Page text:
A round-up of some recent publications about the history, philosophy and pscyhology of emotions, including studies of sex, sickness, science, psychiatry, satire; emotional styles, emotional practices, emotional education; love and marriage; Thomas Aquinas, John Donne, René Descartes, Pierre Bourdieu; and why philosophy is good for you, but happiness can be bad for you.
If you would like to review any of the publications mentioned here, for the History of Emotions Blog, then please drop me an email.
Jonas Liliequist has edited a significant new collection entitled A History of Emotions, 1200-1800, published by Pickering and Chatto. The book is comprised of a series of case studies exploring different aspects of the cultural history of emotions in medieval and early-modern Europe. Themes include theology, music, gender, sexuality, and tears.
Colin Jones, Juliet Carey and Emily Richardson are the editors of a book exploring, from various angles, an extraordinary eighteenth-century satirical work of comic drawings, providing unexpected insights into the cultural life and expressive and representational codes of pre-revolutionary Paris. The Saint-Aubin Livre de Caricatures: Drawing Satire in Eighteenth-Century Paris is published by the Voltaire Foundation. The same source was also drawn on by Colin Jones in his Presidential Address to the Royal Historical Society ‘French Crossings II: Laughing Over Boundaries‘, which reflects on the bawdy laughter as well as the cerebral wit to be discovered in this so-called ‘Book of Arses’.
Hannah Newton’s The Sick Child in Early Modern England, 1580-1720 grew out of a PhD at the University of Exeter. The book takes an innovative approach to the histories of childhood, medicine and the emotions, with a particular emphasis on the experiences of the sick children themselves. You can read the introduction to the book, which opens with some startling vignettes of infant deathbeds, via the OUP website.
Exploring familial affections from the vantage point of mothers and fathers, rather than their children (and also published by OUP), is Joanne Bailey’s Parenting in England 1760-1830: Emotion, Identity and Generation. The book explores the intense emotions provoked by parenthood in a cultural world of sensibility, romanticism, and enlightened domesticity. Sources used include engravings and ballads as well as advice literature, court records, and memoirs. Bailey argues for the centrality of parenthood to physical and mental well-being in this period.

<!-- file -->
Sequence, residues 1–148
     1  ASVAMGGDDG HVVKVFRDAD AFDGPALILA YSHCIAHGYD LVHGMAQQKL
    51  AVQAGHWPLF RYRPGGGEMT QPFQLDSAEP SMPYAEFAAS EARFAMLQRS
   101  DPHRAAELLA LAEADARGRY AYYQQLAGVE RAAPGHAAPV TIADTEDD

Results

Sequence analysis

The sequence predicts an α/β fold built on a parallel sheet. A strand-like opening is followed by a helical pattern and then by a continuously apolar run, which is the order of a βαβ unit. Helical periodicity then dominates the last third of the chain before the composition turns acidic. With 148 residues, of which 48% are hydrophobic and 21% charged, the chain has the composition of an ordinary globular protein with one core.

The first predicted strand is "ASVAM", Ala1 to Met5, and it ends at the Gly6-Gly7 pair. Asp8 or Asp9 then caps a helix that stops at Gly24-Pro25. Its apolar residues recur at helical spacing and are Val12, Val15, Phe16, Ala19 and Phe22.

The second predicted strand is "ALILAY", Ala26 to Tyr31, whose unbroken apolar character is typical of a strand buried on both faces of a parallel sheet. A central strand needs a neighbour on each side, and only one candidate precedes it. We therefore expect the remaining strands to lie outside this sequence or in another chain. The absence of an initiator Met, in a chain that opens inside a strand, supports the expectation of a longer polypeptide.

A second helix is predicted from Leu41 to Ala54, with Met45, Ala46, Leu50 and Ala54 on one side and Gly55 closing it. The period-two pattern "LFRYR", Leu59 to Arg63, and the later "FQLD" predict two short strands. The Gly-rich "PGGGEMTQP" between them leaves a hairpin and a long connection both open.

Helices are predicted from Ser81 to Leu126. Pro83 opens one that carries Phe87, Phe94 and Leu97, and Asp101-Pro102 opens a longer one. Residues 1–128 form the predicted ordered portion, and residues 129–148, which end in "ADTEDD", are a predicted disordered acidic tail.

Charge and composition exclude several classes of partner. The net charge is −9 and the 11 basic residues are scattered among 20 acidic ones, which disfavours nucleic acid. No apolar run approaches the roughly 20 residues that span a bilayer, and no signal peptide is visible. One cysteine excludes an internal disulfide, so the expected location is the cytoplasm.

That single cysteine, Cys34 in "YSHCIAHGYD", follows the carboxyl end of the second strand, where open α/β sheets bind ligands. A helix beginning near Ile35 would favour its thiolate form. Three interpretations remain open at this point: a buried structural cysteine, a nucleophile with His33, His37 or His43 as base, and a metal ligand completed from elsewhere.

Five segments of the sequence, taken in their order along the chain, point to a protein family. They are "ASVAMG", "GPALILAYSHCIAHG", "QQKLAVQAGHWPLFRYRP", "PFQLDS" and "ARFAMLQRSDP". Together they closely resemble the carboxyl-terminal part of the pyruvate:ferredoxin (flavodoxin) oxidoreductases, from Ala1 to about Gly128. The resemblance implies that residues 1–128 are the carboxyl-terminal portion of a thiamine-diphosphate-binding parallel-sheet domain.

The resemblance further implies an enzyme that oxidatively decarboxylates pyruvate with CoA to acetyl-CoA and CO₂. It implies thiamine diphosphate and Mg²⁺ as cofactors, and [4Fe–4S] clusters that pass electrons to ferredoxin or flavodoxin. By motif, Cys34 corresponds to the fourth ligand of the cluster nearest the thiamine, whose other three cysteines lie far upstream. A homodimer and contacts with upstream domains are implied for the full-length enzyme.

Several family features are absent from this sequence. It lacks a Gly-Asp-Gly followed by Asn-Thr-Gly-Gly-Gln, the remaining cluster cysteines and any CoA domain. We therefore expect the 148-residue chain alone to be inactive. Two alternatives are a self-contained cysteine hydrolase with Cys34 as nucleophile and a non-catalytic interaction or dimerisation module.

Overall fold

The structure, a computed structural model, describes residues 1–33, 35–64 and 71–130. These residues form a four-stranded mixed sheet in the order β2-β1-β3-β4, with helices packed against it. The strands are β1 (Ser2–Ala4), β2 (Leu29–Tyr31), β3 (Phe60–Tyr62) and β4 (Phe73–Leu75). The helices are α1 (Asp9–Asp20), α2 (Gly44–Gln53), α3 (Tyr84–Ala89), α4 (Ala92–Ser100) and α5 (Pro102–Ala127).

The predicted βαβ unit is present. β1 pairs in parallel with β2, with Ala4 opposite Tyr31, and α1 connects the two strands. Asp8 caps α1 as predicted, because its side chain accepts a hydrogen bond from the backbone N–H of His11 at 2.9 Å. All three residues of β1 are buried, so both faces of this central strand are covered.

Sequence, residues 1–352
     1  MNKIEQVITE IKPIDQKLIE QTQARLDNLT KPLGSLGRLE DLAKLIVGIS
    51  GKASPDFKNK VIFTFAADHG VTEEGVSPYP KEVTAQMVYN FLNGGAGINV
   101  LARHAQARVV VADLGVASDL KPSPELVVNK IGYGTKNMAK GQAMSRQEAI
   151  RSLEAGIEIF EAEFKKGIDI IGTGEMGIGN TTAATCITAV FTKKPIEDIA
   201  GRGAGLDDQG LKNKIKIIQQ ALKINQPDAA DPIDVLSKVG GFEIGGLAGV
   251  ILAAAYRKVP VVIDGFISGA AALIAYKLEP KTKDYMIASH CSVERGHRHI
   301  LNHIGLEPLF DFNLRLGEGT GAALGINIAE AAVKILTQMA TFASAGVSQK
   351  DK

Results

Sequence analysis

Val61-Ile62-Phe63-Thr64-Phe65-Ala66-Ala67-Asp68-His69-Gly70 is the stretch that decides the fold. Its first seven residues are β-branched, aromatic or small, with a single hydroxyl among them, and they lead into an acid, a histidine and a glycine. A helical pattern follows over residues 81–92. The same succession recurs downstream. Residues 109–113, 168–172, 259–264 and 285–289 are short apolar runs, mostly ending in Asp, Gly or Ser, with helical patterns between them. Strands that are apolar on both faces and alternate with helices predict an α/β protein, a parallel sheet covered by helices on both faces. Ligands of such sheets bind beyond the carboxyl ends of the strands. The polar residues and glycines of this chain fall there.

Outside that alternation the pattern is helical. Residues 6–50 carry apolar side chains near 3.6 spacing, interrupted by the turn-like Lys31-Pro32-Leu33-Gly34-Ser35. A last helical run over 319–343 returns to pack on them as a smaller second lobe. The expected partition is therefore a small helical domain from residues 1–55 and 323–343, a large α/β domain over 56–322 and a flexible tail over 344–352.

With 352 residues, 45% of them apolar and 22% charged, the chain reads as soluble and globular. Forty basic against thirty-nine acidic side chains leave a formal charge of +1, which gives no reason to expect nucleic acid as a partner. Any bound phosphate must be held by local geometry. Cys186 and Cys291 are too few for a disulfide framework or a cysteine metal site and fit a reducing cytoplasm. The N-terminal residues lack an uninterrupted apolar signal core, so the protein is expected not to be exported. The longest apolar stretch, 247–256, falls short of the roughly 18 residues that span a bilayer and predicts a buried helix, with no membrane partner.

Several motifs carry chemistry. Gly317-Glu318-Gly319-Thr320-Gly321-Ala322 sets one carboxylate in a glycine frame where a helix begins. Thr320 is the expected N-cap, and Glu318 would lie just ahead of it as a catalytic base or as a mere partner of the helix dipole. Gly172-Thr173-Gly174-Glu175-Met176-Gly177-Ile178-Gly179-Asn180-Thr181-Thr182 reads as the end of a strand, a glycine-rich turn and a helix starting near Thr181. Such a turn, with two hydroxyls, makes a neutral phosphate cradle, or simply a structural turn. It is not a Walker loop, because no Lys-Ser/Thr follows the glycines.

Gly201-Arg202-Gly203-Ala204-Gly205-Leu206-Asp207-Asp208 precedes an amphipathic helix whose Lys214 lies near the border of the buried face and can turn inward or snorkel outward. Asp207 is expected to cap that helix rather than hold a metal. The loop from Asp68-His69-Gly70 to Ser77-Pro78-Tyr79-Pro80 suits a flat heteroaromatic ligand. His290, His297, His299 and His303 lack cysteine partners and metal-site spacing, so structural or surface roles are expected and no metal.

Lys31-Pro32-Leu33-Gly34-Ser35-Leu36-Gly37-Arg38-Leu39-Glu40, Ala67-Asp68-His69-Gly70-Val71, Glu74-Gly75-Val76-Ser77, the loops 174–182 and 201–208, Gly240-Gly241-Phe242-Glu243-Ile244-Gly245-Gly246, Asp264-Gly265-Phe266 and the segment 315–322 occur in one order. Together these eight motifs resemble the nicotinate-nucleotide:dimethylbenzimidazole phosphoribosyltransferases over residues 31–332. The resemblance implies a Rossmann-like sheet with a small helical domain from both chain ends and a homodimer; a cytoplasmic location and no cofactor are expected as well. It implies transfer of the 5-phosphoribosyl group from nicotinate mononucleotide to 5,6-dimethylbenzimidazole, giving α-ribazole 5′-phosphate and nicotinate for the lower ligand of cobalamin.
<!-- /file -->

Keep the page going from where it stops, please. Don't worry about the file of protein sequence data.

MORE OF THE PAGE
Chiara Beccalossi’s new book was developed from a PhD thesis at Queen Mary, University of London. The book is called Female Sexual Inversion: Same-Sex Desires in Italian and British Sexology, c. 1870-1920 and is published by Palgrave. It compares British and Italian approaches to the scientific, medical and cultural apprehension of sexual desire between women in the late nineteenth and early twentieth centuries. You can read the first few pages via the ‘Look Inside’ feature on Amazon.
Mark Jackson’s edited Oxford Handbook of the History of Medicine was published in 2011 and was reviewed recently by Ian Miller for the IHR Reviews in History online. Miller welcomed it as evidence that medical history was still ‘a vibrant area of enquiry which has much to say about present-day concerns’.
Turning from the history to the philosophy of emotions, there are several important books to mention.
Our Policy Director at the QM Centre, Jules Evans, is an expert on ancient philosophical theories of the passions as well as the ways they have inspired modern psychological therapies such as CBT. His new book, entitled Philosophy for Life and Other Dangerous Situations, investigates how ancient philosophies are still used in all sorts of contexts by people seeking to manage their emotional lives, from soldiers and astronauts to therapists and policy-makers. The book was recently reviewed in the Observer by Alexander Linklater.
One of the most prolific philosophers of emotion in the Anglo-American world, who published ground-breaking and influential works for a period of over thirty years was Robert C. Solomon, who died in 2007. His book The Passions: Emotions and the Meaning of Life (1976) remains a landmark publication. Kathleen Higgins and David Sherman have now edited a book of essays, Passion, Death, and Spirituality: The Philosophy of Robert C. Solomon, which explores all aspects of Solomon’s work, including his work on emotions, alongside his writings on existentialism, meaning, life and death.